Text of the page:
With the arrangement according to the present invention, each secondary winding has two coupling surfaces between it and its associated primary winding and a lower leakage reactance with a corresponding increase in the secondary output is obtained.
The reduction of the spacing between windings enables greater thermal transfer to be effected therebetween with improved efliciency.
The constructional features of the present invention will now be described by way of example with particular reference to the accompanying drawing where a transformer constructed in accordance with the present invention is compared with a prior known construction to illustrate the advantages of the present invention.
In the drawing:
FIGURE 1 illustrates the geometrical relationship between the primary and secondary windings of a press package transformer of up to 200 kva. rating, i.e., where FIGURE 2 illustrates the method of connection of the primary windings and the primary overwind taps used in prior known press package transformers of the rating referred to above; and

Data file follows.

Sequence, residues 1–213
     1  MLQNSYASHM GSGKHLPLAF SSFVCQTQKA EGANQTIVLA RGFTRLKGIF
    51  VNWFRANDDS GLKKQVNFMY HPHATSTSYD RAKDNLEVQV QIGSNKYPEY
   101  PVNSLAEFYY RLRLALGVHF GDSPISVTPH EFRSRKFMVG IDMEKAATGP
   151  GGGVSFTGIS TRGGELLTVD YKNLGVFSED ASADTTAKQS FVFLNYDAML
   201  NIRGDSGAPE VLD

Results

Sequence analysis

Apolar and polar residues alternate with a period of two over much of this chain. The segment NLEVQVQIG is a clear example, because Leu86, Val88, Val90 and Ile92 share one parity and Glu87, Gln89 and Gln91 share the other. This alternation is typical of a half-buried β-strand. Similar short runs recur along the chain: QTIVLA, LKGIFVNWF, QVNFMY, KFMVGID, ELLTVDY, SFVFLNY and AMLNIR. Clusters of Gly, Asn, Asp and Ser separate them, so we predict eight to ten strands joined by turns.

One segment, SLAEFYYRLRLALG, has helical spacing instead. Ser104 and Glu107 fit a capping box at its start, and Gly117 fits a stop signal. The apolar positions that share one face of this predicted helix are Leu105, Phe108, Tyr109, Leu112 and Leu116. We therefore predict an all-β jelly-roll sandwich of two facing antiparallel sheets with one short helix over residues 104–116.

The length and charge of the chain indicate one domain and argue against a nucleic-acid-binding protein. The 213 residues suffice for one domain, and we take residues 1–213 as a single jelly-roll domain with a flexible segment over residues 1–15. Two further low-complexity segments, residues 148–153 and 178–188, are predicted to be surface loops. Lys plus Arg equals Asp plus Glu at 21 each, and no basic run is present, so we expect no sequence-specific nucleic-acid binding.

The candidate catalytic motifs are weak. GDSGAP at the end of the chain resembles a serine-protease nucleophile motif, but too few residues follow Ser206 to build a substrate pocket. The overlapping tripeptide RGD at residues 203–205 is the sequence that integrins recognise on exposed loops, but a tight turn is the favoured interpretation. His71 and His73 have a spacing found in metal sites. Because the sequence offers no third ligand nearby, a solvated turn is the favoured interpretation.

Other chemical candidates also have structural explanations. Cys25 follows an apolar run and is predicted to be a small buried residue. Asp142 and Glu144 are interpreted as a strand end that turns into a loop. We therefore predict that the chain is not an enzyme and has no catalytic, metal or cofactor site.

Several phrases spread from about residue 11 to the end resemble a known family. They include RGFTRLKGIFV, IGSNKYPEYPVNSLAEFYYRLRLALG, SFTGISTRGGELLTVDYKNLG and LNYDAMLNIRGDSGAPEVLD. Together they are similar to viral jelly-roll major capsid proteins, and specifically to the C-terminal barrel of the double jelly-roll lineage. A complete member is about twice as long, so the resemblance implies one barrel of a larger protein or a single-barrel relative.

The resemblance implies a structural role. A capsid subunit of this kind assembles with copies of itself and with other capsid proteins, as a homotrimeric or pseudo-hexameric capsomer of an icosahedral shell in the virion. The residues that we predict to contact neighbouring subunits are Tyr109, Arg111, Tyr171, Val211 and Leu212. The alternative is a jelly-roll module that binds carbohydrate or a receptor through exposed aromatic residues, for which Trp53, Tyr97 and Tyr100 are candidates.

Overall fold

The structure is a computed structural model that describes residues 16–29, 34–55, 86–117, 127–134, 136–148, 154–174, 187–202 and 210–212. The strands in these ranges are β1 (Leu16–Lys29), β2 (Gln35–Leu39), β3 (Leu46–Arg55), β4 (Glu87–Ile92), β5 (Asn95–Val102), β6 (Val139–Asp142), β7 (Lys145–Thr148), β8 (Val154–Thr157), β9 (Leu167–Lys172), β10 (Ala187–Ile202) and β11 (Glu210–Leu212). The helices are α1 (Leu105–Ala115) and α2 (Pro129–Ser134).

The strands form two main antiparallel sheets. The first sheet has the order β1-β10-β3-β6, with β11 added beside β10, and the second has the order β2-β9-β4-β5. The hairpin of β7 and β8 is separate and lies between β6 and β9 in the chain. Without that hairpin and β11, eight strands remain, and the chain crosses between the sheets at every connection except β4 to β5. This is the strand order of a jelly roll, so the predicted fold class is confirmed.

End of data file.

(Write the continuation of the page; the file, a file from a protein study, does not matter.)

FIGURE 3 illustrates the method of connection of the primary windings and the primary overwind taps according to the present invention.
Referring firstly to FIGURE 1, the transformer includes N primary windings P1, P2, P3, with N-l secondary windings S1, S2, with N=3. The windings are located within an enclosing electromagnetic core K and windings P1, P2, P3 are of the pancake type and S1, S2, are secondary single turn windings. The primary and secondary windings are assembled in alternate relationship with primary windings P1 and P3 constituting the end windings of the assembly. Electrically insulating members, A, B, C, D, E. F. G and H are located intermediate the primary and secondary windings and surrounds the assembly as shown.
The primary coils are preferably wound with copper tape of almost the same width as the winding, the turns being placed one over the other and insulated from each other by a flexible insulating tape such as Woven cotton or fibre glass.